- average concentration of total residual chlorine of less than or equal to 0.02 mg/L
- maximum concentration of un-ionized ammonia of less than 1.25 mg/L (expressed as nitrogen) at 15°C ± 1°C.
The new effluent limits reflect similar standards adopted in both the United States and the European Union. These performance standards reflect a secondary level of treatment or equivalent, which should remove over 95 per cent of the total mass of conventional pollutants in wastewater. Compliance will be based on yearly, quarterly or monthly averages depending on the annual average daily volume of effluent deposited from the final discharge point of the wastewater system.
The regulation would permit operators to obtain “temporary authorizations” allowing the release of un-ionized ammonia under certain circumstances or the bypass of effluents during planned maintenance or construction activities. The temporary authorization to deposit un-ionized ammonia is renewable every three years.
Monitoring and reporting
All owners/operators are required to monitor the volume and the composition of wastewater effluent. The regulations prescribe minimum sampling and reporting frequencies and the type of sample to be collected based on the annual average daily volume of effluent deposited and the type of wastewater system. The quantity and frequency of effluents discharged by combined sewer overflows must be reported for each discharge event. Records, copies of reports and any supporting documents must be retained for at least five years and available for inspection.
Environment Canada estimates that compliance will cost more than $9 billion, with operators in Quebec, British Columbia, Manitoba and Atlantic Canada shouldering the largest share. Environment Canada says that the environmental and health benefits – including improvements in the fishing and seafood industry, cleaner drinking water sources, and reductions in beach closures – will outweigh the costs by a factor of three-to- one.
To ease the administrative burden, Environment Canada will develop an electronic reporting tool for use by all regulators and owner/operators. Ottawa is also expected to negotiate bilateral administrative agreements with each of the provinces and Yukon to define authorization, compliance and enforcement functions. The federal government will administer the regulations for those systems not covered by an agreement. More stringent standards and standards for additional conventional pollutants could be imposed by these other jurisdictions.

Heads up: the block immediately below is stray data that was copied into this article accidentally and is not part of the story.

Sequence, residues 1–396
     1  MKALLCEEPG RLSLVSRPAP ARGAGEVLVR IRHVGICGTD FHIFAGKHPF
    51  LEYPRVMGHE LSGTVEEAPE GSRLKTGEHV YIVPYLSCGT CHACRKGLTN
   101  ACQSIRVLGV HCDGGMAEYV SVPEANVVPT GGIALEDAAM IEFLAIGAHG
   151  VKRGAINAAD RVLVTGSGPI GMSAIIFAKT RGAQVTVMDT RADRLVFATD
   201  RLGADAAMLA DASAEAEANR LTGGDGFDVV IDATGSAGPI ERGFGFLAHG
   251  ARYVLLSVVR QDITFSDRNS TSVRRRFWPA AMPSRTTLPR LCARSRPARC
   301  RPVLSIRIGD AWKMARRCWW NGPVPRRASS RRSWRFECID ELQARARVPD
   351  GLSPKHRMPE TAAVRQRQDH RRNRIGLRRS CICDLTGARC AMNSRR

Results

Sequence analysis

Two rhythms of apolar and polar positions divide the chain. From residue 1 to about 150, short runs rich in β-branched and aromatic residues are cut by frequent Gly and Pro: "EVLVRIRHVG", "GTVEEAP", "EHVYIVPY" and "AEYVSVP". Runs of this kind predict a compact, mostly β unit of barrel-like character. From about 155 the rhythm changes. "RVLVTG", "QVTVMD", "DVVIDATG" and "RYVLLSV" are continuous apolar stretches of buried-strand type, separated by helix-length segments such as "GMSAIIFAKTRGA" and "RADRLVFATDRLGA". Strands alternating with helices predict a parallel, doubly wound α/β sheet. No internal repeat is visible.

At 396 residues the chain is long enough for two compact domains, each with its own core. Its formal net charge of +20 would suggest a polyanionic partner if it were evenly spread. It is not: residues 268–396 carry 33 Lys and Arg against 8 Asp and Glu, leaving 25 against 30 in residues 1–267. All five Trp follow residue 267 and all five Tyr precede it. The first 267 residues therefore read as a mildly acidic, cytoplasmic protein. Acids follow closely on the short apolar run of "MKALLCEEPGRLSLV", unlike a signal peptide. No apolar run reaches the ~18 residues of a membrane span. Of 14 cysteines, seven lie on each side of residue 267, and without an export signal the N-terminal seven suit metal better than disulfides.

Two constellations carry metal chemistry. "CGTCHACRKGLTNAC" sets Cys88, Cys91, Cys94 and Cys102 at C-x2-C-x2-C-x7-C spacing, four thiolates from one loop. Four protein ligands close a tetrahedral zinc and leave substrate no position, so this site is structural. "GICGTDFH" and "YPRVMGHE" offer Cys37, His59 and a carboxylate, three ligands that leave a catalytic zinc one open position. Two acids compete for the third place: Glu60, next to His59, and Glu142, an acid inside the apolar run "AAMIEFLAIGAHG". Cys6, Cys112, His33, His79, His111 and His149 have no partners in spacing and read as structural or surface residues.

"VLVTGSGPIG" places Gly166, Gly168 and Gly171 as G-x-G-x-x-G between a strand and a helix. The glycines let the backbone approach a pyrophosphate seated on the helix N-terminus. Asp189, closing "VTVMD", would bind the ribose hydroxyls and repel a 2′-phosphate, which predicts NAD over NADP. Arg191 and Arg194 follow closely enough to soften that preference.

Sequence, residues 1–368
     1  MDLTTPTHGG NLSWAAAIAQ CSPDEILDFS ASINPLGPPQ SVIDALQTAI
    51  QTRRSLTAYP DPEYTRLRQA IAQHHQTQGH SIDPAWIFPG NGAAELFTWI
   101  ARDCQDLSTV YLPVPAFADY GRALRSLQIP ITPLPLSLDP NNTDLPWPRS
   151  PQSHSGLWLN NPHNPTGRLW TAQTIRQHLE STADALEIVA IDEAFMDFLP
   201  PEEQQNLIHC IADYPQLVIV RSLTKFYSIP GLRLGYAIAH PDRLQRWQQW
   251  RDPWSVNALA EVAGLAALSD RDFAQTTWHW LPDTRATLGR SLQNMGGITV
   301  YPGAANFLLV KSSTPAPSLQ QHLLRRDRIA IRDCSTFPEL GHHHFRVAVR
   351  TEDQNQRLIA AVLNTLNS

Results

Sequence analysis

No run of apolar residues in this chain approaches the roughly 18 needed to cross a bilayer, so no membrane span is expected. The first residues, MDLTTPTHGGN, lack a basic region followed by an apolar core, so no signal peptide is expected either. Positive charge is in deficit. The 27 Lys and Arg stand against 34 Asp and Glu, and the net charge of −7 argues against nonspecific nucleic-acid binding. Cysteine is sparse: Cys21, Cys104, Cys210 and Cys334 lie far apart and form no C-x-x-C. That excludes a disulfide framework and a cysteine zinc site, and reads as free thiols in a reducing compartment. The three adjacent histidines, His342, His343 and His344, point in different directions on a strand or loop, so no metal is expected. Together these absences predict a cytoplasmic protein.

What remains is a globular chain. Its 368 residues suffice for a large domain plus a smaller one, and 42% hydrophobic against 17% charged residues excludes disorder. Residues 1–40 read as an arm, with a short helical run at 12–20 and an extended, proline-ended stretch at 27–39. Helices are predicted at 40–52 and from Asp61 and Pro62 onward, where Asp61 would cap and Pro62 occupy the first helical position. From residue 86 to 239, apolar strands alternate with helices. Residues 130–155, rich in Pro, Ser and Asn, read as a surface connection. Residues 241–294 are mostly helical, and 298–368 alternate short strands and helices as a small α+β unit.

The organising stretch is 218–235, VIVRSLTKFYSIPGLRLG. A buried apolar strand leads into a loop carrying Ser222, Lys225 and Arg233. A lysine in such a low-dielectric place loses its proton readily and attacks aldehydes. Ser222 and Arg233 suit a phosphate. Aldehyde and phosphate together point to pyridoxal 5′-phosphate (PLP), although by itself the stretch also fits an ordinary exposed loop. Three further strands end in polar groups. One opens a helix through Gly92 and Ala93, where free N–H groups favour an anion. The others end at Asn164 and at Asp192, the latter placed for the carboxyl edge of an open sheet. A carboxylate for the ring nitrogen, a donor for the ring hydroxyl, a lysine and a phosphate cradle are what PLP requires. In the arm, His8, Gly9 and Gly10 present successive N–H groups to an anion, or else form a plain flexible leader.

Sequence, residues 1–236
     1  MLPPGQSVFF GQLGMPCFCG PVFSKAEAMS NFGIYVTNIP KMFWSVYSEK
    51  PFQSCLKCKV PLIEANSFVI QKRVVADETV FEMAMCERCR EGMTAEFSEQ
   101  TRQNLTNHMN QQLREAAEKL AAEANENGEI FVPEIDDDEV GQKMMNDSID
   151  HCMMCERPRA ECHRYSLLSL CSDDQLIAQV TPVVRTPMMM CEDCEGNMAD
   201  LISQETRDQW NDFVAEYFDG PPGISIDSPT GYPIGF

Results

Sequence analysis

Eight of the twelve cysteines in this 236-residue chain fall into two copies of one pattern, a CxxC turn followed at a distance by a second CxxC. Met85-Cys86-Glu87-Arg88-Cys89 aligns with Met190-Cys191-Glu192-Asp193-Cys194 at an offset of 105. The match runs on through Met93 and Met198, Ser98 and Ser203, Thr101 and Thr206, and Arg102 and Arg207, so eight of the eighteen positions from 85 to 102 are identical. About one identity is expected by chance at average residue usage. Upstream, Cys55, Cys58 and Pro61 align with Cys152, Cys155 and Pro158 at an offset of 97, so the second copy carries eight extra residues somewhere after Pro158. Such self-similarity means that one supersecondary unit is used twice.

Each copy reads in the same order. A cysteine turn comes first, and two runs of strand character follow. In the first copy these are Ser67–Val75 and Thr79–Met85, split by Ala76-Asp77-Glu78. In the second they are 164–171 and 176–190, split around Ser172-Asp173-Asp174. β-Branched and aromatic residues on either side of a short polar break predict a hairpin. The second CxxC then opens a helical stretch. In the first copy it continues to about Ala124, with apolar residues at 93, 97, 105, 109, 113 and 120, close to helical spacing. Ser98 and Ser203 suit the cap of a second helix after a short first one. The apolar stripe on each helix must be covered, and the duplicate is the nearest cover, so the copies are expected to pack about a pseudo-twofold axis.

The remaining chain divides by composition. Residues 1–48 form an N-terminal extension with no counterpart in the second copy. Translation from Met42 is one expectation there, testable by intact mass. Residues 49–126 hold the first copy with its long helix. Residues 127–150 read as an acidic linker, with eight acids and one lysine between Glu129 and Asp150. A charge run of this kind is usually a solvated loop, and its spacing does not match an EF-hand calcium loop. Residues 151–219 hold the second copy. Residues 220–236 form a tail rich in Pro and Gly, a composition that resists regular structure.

Changes from First Draft
The first draft of the regulations was released on March 20, 2010, for public review and consultation. As a result of the comments received, the threshold of applicability was increased from 10 m3 to 100 m3 of influent per day (thus mitigating affordability concerns for some small facilities), a number of deadlines were extended (for example, facilities handling less than 5,000 m3 per day were given an extra six years to meet the total residual chlorine standard), definitions clarified, sampling frequencies adjusted, the requirement for environment effects monitoring eliminated, the basis for transitional authorizations amended, and new provisions added to cover intermittent wastewater systems. The proposed requirement that owners/operators prepare a plan to eliminate overflows from all combined sewers has been dropped. Only those owners/operators of medium or high risk wastewater systems that would like to extend the duration of the transitional authorization until the end of 2040 to deal with the combined sewer overflow issue at the same time must prepare a plan that describes the modifications to reduce the quantity of deleterious substances deposited via overflow points.